Fake job scams became more prevalent during the first COVID-19 lockdown when many Americans were laid off or otherwise unemployed and looking for work. A fake job scam often involves a scammer, posing as a recruiter, interviewing, or even offering a job to their victim. This fake job could be posted on a job board or recruiting website, or the scammer may reach out directly to their victim via email or phone.
The fake job is usually very enticing, with a low barrier to entry and the promise of quick money or a high salary. These scams often lead to overpayment scams or even identity theft if the scammer can convince the victim to send personal information like their bank account number or Social Security number. Bank account scams that involve fake jobs work because they often target people who are desperate for employment and play off their emotions by offering huge salaries or hourly wages. Remember: If it seems too good to be true, it probably is.
What To Look For To Avoid Getting Scammed
In general, scammers try to invoke a sense of urgency when setting up their scams. They know that if they give their victim too long to think, they may realize that things don’t add up. So don’t let yourself be rushed into any decisions when dealing with a stranger online. Take your time and trust your gut. In general, never give out any personal information online unless it’s a website you trust. Consider limiting the personal information you keep on your social media profiles, like your birthday, address, and phone number. And above all, never send money to a stranger online, even if they promise to pay you back tenfold.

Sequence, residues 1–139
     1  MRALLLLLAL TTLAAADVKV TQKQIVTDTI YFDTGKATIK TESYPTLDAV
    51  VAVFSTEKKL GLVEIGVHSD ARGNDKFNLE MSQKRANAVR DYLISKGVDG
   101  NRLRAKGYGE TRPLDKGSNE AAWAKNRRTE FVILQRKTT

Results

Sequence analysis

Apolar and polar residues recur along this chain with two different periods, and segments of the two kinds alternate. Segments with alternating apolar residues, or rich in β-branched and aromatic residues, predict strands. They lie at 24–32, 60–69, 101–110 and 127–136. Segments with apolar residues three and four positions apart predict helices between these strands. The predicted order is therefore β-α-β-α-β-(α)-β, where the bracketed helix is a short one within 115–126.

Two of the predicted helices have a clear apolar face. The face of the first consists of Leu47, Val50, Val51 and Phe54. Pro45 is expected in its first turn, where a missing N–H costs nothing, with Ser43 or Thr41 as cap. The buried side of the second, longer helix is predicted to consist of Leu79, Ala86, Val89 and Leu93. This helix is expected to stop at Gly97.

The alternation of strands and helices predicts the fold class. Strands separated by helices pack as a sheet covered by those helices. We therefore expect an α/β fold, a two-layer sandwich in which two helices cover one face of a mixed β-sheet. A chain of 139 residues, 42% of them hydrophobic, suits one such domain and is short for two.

National Cybersecurity Awareness Month
As a part of National Cybersecurity Awareness Month, Landmark National Bank is committed to educating Kansas residents about cybersecurity and the potential dangers online. With a bit of education, you can protect yourself from scammers online so nobody gains access to your bank account.
Protect Your Financial Future With Landmark National Bank
For us at Landmark National Bank, security is a top priority. We will never request personal information like your bank account number, Social Security number, or any password via email or phone. If you’re looking for a bank that takes your security and your finances seriously, open a checking account with Landmark National Bank today.The content